In 1986 the BBC launched an ambitious project to record a snapshot of everyday life across the UK for future generations.
Twenty five years on, you can explore the archive online, see the pictures, update the information and make your mark on this fascinating record of our collective history.
The BBC split the country into small blocks and a million volunteers, including many from Swindon, submitted text and images documenting everyday life in these areas.
Not only was the scale of the project hugely ambitious, the attempt to use break-through digital technology to make it accessible was equally so. However the specially invented laser-disc system was expensive and soon became obsolete.
Very few people ever got to see the fruits of their hard work, but, in our internet age, the Domesday Project material has been salvaged before the equipment became unusable and is now available to view on the BBC Domesday Reloaded web site.
Claire Lawton from Shaw was 9 at the time and contributed her views to a Domesday class project at Lydiard Millicent Church of England Primary School which studied the original Domesday book and asked children to write about their lives at the time.
In 1986, Shaw consisted of a string of houses along Old Shaw Lane which was slowly being consumed by the westward expansion of Swindon. She lived in Washpool where the evidence of new build was still some months away and she is pictured above enjoying the smooth surface of Swinley Drive, a brand new road close to her home, before it opened to traffic. For her class contribution, which was chosen to for publication in the 1986 Domesday project, she wrote:
"I like it in some ways but not in others. When the new houses come near us there will be more people to play with but I liked going into the field next to us where there is a stream, soon I won’t be able to go in. But it will be a while before the builder reaches us so I might as well make the most of the time I’ve got."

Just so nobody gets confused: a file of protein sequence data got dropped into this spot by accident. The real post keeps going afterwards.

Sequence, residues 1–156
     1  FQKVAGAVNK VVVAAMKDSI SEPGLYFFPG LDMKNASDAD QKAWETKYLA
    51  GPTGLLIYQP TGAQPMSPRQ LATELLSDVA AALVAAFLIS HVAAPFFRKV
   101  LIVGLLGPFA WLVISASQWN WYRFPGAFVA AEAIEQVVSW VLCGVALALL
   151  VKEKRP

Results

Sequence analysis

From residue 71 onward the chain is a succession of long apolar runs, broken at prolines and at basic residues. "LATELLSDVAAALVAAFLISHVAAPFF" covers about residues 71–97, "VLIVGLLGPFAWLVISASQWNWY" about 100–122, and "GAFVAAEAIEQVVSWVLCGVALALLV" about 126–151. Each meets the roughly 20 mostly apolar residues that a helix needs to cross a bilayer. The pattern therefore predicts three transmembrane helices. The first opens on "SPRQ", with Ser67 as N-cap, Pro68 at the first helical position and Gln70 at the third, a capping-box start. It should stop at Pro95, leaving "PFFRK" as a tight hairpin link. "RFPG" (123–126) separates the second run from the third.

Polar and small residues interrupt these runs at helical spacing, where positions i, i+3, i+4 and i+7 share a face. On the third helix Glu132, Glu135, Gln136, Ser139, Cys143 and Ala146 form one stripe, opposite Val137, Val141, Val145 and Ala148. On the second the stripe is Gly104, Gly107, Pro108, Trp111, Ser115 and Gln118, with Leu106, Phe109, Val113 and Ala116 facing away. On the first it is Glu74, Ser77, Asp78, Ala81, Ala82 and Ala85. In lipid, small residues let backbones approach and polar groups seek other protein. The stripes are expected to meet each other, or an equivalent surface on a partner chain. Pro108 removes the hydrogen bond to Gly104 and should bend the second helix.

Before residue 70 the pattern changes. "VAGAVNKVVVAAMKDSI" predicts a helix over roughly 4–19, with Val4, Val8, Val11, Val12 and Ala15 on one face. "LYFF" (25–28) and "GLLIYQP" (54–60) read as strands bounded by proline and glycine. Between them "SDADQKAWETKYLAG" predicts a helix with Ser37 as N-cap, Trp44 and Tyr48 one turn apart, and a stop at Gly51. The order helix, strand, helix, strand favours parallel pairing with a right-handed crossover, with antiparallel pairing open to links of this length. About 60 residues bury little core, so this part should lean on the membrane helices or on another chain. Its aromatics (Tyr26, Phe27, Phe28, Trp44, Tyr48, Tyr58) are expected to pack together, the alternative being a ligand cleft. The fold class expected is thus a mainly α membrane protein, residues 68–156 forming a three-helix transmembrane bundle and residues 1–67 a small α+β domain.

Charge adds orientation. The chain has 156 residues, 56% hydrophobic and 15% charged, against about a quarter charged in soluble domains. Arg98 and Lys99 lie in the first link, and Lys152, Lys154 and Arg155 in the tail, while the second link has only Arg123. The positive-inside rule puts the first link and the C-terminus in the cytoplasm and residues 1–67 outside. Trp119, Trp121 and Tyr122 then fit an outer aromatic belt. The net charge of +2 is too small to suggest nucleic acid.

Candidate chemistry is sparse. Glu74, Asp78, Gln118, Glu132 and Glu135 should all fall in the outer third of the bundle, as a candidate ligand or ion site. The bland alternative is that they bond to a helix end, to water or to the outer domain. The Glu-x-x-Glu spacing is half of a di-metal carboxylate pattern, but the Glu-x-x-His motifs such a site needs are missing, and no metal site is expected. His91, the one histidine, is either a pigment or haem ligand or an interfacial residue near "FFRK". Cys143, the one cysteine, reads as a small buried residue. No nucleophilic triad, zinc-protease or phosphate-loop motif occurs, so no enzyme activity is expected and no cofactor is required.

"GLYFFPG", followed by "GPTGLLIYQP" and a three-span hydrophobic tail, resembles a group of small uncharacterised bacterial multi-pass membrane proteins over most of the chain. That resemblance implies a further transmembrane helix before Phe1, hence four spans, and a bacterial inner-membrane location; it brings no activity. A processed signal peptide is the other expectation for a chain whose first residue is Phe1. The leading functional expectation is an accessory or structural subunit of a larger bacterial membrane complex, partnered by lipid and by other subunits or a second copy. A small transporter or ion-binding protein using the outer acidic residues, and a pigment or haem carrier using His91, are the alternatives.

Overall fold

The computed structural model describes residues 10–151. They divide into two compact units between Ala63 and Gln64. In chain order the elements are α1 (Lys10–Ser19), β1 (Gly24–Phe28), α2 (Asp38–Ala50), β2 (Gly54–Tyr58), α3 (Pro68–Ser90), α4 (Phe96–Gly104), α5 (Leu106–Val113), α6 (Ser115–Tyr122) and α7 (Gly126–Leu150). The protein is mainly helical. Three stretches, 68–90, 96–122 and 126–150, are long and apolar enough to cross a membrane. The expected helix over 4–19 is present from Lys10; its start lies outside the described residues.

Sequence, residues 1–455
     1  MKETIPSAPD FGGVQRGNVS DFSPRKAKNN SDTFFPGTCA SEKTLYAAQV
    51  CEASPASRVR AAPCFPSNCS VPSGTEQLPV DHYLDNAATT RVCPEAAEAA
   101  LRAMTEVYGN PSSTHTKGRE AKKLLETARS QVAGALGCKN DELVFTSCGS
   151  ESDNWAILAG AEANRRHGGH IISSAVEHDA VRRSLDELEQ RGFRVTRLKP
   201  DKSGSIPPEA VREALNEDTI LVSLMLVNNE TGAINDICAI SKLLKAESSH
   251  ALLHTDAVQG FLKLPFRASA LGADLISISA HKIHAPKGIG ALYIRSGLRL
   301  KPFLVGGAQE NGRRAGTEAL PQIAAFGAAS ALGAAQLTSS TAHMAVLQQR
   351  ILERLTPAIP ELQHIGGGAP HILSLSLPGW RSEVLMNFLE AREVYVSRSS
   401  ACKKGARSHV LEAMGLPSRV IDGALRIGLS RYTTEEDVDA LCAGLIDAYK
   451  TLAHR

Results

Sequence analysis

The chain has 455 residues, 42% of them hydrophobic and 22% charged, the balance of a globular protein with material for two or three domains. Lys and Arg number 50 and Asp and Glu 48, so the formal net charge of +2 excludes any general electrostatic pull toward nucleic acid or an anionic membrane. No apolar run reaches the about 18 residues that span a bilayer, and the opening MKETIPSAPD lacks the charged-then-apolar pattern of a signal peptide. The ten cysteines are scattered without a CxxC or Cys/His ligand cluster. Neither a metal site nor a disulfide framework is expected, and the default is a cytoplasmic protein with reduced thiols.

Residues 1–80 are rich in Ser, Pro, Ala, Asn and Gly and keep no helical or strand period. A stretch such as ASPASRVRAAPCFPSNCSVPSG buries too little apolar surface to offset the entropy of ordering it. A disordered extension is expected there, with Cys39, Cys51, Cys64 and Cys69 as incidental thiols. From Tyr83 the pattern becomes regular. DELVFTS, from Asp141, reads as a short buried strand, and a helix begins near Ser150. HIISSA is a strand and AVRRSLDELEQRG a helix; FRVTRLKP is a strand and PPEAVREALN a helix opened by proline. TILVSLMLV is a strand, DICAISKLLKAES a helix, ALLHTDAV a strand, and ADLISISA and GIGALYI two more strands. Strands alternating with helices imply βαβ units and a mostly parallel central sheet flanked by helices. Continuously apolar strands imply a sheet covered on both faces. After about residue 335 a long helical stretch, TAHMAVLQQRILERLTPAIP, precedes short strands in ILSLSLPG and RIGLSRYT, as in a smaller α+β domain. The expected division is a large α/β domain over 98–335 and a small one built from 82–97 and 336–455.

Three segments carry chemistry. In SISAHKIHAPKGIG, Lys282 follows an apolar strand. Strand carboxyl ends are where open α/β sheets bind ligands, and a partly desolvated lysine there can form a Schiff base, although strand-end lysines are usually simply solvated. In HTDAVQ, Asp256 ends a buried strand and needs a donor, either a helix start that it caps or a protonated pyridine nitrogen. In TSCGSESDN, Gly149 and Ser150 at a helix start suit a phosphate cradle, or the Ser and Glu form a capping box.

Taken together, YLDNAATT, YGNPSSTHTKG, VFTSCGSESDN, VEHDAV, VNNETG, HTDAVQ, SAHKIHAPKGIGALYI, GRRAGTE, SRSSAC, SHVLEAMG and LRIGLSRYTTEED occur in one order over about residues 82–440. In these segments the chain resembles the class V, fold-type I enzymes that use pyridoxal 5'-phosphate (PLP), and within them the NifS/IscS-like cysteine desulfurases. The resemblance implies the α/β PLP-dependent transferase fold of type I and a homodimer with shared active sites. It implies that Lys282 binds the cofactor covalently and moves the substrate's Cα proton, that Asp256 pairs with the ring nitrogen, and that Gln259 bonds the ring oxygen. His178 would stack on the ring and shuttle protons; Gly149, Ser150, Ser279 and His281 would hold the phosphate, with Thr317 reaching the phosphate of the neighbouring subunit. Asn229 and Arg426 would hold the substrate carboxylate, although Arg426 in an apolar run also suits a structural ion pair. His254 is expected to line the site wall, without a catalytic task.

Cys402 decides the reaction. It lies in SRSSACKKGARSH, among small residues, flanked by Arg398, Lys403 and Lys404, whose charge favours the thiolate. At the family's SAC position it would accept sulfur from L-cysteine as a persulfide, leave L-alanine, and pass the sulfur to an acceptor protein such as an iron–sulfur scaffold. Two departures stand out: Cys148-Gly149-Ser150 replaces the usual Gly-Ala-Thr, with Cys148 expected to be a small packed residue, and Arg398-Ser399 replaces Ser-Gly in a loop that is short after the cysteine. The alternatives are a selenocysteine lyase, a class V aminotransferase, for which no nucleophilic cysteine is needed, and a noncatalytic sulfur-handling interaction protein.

Clare, now 35, continues to live in the Swindon area, in an older house close to the town centre. Now a part time physiotherapist at a hospital in Oxford, she also teaches pilots in Marlborough. "I remember learning about the Domesday Book and being really excited about the idea that we were looking back hundreds of years. It was inspiring that we were being asked to write about our lives and our surroundings and it might be chosen to kept for the future by the BBC.
"I don’t think I was ever told that my writing had been chosen, and we never saw the BBC Domesday project, so it was a huge surprise when a friend called to say that The Link wanted to get in touch because my name had appeared online on the Domesday website.
"Swindon has seen some amazing changes in the last 25 years. I remember the road through Shaw was still the main route into the town from my home, and there wasn’t a gate at Nine Elms blocking the direct route. I do miss the green fields around my parent’s home.
See the contributions about Swindon and send in updates via http://bbc.in/domesdayswindon
In 1986 SJ Badcott, wrote:
The Link Centre is the new ice rink and sports centre built to serve the West Swindon Expansion. The centre contains a swimming pool (half Olympic size), arts studio, bar, sports hall, health suite, library, squash courts and community suite but the main feature of the complex is the ice rink.
Up to 800 people can skate at one time and there are 2000 pairs of skates for hire. 1000 spectators can watch ice shows and ice hockey from the viewing area and parking is provided for over 1400 cars.
Local people are generally pleased with their new centre, which cost 11 million pounds to build but most of the pipework is exposed (there are 8 miles under the ice alone) giving the building an appearance rather like a "Meccano set".
Pictured above, Link Centre, before Shaw Ridge Leisure Park was built
SwindonLink has submitted this update to Domesday Reloaded
Link Centre celebrated its twenty-fifth year in 2010, having been named by the local community publication, The Link magazine. The building continues to be the major local sports centre for Swindon and also a major regional recreational attraction. It has the only ice rink for 50 miles, a large sports hall, a huge climbing wall, 25m swimming pool and a suite of community rooms. Originally built with an Arts Studion, the space has been converted into a gym on two levels. To extend the centre’s life for another twenty five years a new roof is to be installed later in 2010.
Link Centre celebrated its twenty-fifth year in 2010 and continues to be the major local sports centre for Swindon and also a major regional recreational attraction. To extend the centre’s life for another twenty five years a new roof is to be installed later in 2010.